The basic pillar of therapy for peripheral arterial occlusive disease is the targeted treatment of the causes. For smokers, the most important measure is to stop smoking immediately. In general, the disease can be greatly improved by regular exercise, a balanced diet, normal blood pressure and blood lipid values in the normal range.
In the case of pAVK from stage 2, daily walking training is an important measure for improving the symptoms. First of all, the walking distance that can be covered until the onset of pain is determined - at least half of this distance should be covered several times a day from now on. In this way, the body is stimulated to form so-called collateral vessels. These are blood vessels that bypass the constriction in the artery and thus bridge it. However, daily walking training should not go so far as to cause pain.
In addition to gait training, so-called platelet aggregation inhibitors are administered in the case of pAVK. These are drugs that inhibit the clumping of blood platelets and thus prevent the formation of blood clots. Acetylsalicylic acid (ASS) is the drug of choice. If there are intolerances to this substance, clopidogrel can be prescribed as an alternative in individual cases.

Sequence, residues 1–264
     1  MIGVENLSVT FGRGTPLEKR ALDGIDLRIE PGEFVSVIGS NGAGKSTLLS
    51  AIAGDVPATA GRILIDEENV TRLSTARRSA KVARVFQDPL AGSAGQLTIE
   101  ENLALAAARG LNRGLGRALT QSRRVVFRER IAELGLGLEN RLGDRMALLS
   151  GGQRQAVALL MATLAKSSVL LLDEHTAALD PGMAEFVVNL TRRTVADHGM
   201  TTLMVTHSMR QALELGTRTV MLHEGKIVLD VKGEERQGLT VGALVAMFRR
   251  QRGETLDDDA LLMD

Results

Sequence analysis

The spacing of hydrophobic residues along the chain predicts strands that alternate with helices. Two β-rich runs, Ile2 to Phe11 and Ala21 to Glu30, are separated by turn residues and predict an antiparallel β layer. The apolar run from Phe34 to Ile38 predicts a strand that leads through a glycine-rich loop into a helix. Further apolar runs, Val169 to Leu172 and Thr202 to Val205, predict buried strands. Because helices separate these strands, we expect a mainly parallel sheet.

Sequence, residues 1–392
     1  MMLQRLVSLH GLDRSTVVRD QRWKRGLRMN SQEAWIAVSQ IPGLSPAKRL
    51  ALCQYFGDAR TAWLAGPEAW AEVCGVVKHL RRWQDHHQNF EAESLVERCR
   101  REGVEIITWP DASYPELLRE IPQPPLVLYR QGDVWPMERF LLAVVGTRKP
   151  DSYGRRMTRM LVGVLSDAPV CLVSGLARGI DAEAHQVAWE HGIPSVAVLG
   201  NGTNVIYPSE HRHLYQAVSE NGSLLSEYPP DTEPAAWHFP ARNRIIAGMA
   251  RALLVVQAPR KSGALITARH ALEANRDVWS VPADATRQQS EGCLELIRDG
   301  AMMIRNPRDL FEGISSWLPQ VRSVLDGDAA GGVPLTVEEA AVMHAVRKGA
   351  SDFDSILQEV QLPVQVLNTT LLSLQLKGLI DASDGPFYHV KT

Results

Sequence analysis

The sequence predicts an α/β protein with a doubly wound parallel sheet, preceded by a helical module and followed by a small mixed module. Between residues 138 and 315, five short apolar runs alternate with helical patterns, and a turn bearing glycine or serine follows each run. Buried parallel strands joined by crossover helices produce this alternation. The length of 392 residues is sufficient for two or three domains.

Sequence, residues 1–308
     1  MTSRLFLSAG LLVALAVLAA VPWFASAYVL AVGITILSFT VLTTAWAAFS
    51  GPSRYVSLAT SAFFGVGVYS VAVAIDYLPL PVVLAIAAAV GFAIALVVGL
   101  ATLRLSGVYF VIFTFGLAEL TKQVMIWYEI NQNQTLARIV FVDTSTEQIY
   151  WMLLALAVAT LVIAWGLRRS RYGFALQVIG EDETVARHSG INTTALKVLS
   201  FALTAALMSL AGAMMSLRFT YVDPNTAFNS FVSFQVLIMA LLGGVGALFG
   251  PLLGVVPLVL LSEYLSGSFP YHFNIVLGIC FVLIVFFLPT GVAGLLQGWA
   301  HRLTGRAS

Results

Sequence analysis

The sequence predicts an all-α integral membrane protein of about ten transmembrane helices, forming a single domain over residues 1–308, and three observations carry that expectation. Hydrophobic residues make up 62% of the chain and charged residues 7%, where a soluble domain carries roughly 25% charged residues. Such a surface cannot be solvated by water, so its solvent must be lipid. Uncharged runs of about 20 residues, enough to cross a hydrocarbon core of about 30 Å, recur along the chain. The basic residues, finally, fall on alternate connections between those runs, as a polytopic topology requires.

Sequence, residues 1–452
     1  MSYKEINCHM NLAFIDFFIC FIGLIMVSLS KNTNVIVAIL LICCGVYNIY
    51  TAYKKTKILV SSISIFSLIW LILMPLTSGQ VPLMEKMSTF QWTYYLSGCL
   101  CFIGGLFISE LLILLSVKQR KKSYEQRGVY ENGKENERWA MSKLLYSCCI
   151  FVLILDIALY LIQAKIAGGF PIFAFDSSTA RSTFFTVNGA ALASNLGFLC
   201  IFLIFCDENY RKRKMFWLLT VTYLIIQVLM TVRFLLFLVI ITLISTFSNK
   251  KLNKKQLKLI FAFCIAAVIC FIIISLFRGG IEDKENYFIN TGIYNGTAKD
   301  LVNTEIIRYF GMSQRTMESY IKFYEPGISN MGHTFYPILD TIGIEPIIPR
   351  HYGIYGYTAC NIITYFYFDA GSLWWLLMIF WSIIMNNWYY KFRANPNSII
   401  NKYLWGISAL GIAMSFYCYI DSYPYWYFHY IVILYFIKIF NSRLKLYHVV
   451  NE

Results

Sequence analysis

From stage 2 onwards, the use of other drugs may be recommended. So-called phosphodiesterase inhibitors (PDE inhibitors) counteract clumping of the blood platelets, which makes the blood thinner.
If the blood supply to the vessel cannot be restored by means of surgery, the therapy may be extended to include intravenous administration of so-called prostanoids . These agents cause the blood vessels to dilate and improve the flow properties of the erythrocytes (red blood cells), allowing the blood to pass more easily through the constricted blood vessels.
Another option for treating pAVD is to surgically repair the narrowing of the blood vessels. Whether or not surgery is performed depends on the stage of the disease and the location of the narrowing. Despite surgery, there is a risk that a new constriction will form in the affected vessel over time.
The following surgical measures can be performed as part of pAVK treatment:
- Angioplasty (vascular dilatation): this procedure is mainly performed for vascular stenoses in the area of the pelvic or femoral arteries. A balloon catheter is inserted through the inguinal artery to the narrowed vessel and inflated at high pressure. In many cases, the constriction can be reopened or widened in this way. If balloon dilatation is not possible due to a rigid constriction, a so-called thrombendarterectomy (peeling out of the deposits) can be performed. If necessary, the implantation of a stent (vascular support) is necessary to reduce the risk of a renewed vasoconstriction.
- Bypass surgery: If the vasoconstrictions affect large parts of the leg vessels, a bypass surgery may be useful. In this case, blood is diverted around the narrowed vessel site by means of a newly inserted vein or a tube made of Teflon.
- Amputation: If the blood flow is so restricted due to the narrowing of the vessel that parts of the limb die off, the affected limb (e.g. toes) must be amputated.